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Ethical Dilemmas in Global Health: Strengthening Global Partnerships

  • September 04, 2017
  • Health Initiatives, Medical Outreach Exchange, Capacity building, Partnership

Majid Sadigh, MD

In his work, Dr. Sadigh travels the globe responding to various calls for humanitarian aid with the focus of providing critical medical care and easing the suffering of others. He is particularly devoted to improving health in resource-limited countries in which inhabitants often experience great hardships and unavoidable health crises.

This post is part of a series of discussions about ethical dilemmas in global health, with responses from one global health leader in the Global South and one in the Global North. The post was originally featured as part of the Global Health Diaries, from the Global Health Program at the University of Vermont Robert Larner M.D. College of Medicine and the Western Connecticut Health Network.


 

Dr. Stephen Winter, Director of Global Health at Norwalk Hospital, and Dr. Robert Kalyesubula, cofounder of the African Community Center for Social Sustainability, in Nakaseke, Uganda


 

There are many collaborations between the Global South and Global North, each with their own interests that must be met in order to make the collaboration fruitful. What are the key ingredients of a balanced collaboration, and what must both sides consider before setting one up?

Dr. Winter: The central theme must be a shared commitment to bidirectional collaboration with a clear expectation for each partner to foster the interests and goals of the other. Key ingredients must include mutual respect centered on shared intellectual capacity, anchored to a deep desire and sincere effort to gain bidirectional cultural competence and understanding. Before any partnership is established, there must be a clear delineation of financial responsibilities, research collaborations, and attribution and authorship as well as communication systems that allow rapid response to problems and administrative structures that ensure mutual accountability.

Dr. Kalyesubula: The ingredients should include a mutual understanding of the needs of each partner, ideally based on a needs assessment. There should be stakeholder engagement from both sides such that each partner appreciates and embraces the needs and benefits of the collaboration. This allows for fast growth of the collaboration and greater ease of implementation. The partnership should be bidirectional from the outset so that neither partner feels they are giving too much. Partnership components should be geared towards capacity building and resource sharing from both sides with the goal of developing long-term citizens of global health at different levels.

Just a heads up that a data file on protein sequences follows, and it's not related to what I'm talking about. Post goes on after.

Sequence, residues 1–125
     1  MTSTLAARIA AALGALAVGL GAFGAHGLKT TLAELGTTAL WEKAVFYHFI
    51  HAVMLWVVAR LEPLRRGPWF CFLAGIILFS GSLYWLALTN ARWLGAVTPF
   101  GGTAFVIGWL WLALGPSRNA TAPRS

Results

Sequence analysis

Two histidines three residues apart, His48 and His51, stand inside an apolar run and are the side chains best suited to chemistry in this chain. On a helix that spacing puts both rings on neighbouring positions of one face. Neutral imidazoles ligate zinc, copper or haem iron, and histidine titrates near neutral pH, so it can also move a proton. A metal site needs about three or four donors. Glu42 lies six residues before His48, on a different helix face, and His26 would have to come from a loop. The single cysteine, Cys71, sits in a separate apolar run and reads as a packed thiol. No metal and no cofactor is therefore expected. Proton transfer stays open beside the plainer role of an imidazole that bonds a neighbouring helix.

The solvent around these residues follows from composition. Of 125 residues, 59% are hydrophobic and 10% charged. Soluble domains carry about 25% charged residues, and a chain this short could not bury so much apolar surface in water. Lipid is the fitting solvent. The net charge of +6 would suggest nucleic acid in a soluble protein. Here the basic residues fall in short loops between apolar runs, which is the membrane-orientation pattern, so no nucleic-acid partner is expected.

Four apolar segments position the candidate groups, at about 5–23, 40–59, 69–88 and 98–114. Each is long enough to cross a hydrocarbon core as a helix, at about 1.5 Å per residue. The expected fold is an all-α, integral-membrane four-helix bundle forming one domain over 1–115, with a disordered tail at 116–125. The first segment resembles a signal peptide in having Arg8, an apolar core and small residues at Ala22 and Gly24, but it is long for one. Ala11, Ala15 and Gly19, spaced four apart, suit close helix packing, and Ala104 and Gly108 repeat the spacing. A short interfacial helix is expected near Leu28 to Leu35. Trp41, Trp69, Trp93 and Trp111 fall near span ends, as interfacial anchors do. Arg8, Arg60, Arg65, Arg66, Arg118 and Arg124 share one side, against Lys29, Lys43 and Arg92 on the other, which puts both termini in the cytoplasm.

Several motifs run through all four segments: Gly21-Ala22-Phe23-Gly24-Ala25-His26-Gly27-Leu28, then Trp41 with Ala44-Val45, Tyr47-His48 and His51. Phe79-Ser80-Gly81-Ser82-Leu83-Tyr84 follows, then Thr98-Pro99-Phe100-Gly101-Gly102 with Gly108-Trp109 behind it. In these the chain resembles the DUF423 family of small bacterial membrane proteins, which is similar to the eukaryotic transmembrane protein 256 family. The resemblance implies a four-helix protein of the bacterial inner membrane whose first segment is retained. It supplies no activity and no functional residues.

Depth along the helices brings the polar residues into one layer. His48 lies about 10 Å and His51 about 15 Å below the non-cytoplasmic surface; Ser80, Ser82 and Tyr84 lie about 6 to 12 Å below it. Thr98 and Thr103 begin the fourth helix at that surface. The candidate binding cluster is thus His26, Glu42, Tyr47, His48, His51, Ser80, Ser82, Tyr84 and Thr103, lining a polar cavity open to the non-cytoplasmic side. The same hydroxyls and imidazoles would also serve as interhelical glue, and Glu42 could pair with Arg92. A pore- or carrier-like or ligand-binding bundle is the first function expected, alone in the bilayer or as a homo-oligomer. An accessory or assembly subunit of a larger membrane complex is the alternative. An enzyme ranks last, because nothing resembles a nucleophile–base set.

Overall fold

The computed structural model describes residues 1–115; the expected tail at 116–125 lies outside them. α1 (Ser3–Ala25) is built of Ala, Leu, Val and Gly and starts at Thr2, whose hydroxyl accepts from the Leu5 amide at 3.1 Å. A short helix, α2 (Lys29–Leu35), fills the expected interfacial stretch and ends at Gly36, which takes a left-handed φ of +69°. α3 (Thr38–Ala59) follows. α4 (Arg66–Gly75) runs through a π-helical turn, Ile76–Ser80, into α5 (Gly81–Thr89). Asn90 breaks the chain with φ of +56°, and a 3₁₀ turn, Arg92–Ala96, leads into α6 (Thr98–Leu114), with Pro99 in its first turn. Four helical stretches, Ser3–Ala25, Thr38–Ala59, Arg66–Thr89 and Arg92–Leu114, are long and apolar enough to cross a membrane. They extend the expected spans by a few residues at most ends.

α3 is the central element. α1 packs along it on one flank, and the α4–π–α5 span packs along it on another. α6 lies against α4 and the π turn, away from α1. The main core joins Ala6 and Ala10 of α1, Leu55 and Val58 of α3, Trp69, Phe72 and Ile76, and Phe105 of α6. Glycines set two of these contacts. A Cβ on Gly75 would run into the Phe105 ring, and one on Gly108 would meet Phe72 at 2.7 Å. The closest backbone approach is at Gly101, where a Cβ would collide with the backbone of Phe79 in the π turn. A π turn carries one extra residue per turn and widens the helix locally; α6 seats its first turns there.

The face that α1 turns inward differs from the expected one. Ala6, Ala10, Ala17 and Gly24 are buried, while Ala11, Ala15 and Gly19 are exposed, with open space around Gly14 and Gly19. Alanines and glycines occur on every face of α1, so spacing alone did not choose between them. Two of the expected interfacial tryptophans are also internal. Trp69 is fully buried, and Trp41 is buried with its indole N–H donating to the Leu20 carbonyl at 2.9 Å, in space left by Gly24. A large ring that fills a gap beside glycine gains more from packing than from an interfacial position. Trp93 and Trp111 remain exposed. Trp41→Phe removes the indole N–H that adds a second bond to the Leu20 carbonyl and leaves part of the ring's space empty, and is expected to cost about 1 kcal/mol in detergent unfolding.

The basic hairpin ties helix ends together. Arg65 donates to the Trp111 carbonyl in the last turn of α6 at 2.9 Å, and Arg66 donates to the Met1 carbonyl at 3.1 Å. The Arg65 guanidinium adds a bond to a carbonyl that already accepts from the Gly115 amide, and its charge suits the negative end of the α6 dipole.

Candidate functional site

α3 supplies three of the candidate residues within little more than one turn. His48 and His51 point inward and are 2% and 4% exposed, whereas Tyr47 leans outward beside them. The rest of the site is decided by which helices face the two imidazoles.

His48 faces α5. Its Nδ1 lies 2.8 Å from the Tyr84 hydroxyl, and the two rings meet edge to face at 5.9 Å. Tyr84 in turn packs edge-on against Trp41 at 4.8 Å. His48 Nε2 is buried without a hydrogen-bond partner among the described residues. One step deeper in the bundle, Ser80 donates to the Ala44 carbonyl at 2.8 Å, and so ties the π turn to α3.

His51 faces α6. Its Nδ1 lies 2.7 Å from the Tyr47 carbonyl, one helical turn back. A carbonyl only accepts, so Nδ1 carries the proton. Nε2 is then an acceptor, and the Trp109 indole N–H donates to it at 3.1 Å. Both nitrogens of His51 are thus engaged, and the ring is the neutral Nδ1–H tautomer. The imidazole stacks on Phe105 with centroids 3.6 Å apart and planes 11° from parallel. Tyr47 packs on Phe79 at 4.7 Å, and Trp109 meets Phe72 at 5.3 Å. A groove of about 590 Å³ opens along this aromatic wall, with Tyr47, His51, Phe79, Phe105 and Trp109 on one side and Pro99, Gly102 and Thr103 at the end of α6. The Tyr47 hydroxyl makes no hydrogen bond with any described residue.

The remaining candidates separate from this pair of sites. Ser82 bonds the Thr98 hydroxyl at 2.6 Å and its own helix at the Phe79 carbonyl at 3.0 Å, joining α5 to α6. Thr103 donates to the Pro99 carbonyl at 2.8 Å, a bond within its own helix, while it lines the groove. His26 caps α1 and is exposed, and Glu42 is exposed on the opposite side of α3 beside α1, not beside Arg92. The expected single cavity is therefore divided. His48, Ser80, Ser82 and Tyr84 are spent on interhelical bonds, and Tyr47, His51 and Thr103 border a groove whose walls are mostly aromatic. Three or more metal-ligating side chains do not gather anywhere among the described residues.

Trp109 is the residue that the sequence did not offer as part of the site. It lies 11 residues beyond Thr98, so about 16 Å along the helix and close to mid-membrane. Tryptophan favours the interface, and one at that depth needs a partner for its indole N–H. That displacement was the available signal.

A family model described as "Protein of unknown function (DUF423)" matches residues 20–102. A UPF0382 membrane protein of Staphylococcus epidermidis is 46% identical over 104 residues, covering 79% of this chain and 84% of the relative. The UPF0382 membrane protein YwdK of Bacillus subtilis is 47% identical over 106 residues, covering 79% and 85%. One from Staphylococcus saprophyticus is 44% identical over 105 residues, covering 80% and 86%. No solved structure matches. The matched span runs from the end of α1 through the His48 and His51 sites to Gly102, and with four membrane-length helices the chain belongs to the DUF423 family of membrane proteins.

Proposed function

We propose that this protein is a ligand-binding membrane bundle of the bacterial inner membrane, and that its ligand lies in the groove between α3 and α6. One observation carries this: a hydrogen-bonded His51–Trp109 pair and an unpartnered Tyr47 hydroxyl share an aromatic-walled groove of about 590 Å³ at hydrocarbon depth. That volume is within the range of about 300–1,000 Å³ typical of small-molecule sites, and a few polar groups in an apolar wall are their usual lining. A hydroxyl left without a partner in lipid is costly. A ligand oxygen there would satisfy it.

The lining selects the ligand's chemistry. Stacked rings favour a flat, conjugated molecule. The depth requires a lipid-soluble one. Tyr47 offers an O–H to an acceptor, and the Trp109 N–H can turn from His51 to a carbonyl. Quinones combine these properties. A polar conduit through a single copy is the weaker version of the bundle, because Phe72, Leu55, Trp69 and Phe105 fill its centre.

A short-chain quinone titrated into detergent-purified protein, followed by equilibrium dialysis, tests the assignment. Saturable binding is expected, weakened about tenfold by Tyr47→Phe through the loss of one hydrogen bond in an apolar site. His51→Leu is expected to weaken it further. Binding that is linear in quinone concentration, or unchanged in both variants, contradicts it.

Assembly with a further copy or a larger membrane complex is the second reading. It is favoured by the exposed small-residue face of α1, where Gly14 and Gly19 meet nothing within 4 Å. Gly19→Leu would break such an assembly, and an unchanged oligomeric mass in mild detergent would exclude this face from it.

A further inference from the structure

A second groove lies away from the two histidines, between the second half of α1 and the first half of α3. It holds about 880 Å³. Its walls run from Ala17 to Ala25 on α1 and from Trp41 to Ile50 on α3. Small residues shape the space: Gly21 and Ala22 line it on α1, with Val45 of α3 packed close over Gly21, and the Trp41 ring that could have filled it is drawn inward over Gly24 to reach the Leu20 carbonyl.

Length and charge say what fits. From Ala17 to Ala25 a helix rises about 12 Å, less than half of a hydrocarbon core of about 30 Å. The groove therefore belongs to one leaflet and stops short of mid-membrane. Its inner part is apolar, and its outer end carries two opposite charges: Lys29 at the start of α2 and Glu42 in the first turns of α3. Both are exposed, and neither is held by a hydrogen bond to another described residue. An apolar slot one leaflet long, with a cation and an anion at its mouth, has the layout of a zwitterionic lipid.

Issues to consider rotate around values, finances, human resource commitment, and availability of leadership structures to maintain and coordinate the collaboration. A Memorandum of Understanding should clearly stipulate the roles of each partner, and be referred to for guidance in future interactions. It should be understood that most collaborators from the Global South may not have the funds to match their colleagues from the Global North. This should by no means be a temptation for those with greater funds to dictate or manipulate the terms of the relationship in their favor. If this matter is well discussed, collaborators from the Global South will have many other means of contributing to an equal partnership.


Capacity building in human resources, as well as medical education and service to the underserved, should be pillars of any partnership between the Global South and Global North. Describe how these pillars can be established.

Dr. Winter: Capacity building must first be rooted in a shared understanding that knowledge flow must be bidirectional. Just as the Global North may have new procedures and processes to share with partners in the Global South, the Global South has much to offer in the creativity and intellectual depth required to deliver outstanding care in a resource-constrained setting. It must first be acknowledged that both sides will be learning from each other. True capacity building requires that time be taken to understand the needs and interests of our partners instead of simply imposing our own systems and approaches on theirs. The intersections of interest and ability must be found. Mutual respect for cultural, clinical, intellectual, and procedural differences is fundamental.

Dr. Kalyesubula: It all begins with first understanding the needs of each partner and conducting a thorough baseline needs assessment. The results should divulge into three components: human resources, medical education, and services for the underserved. Once established, these pillars form the basis for the Memorandum of Understanding. This way, current and future leaders can follow through the implementation with the needs guiding the priorities.

Key players should be involved from the outset and have a buy-in for the collaboration to make resource allocation easier while ensuring sustainability of the collaboration. Lessons learned from each of the two sides should be shared such that partners appreciate the value and benefits of the collaboration.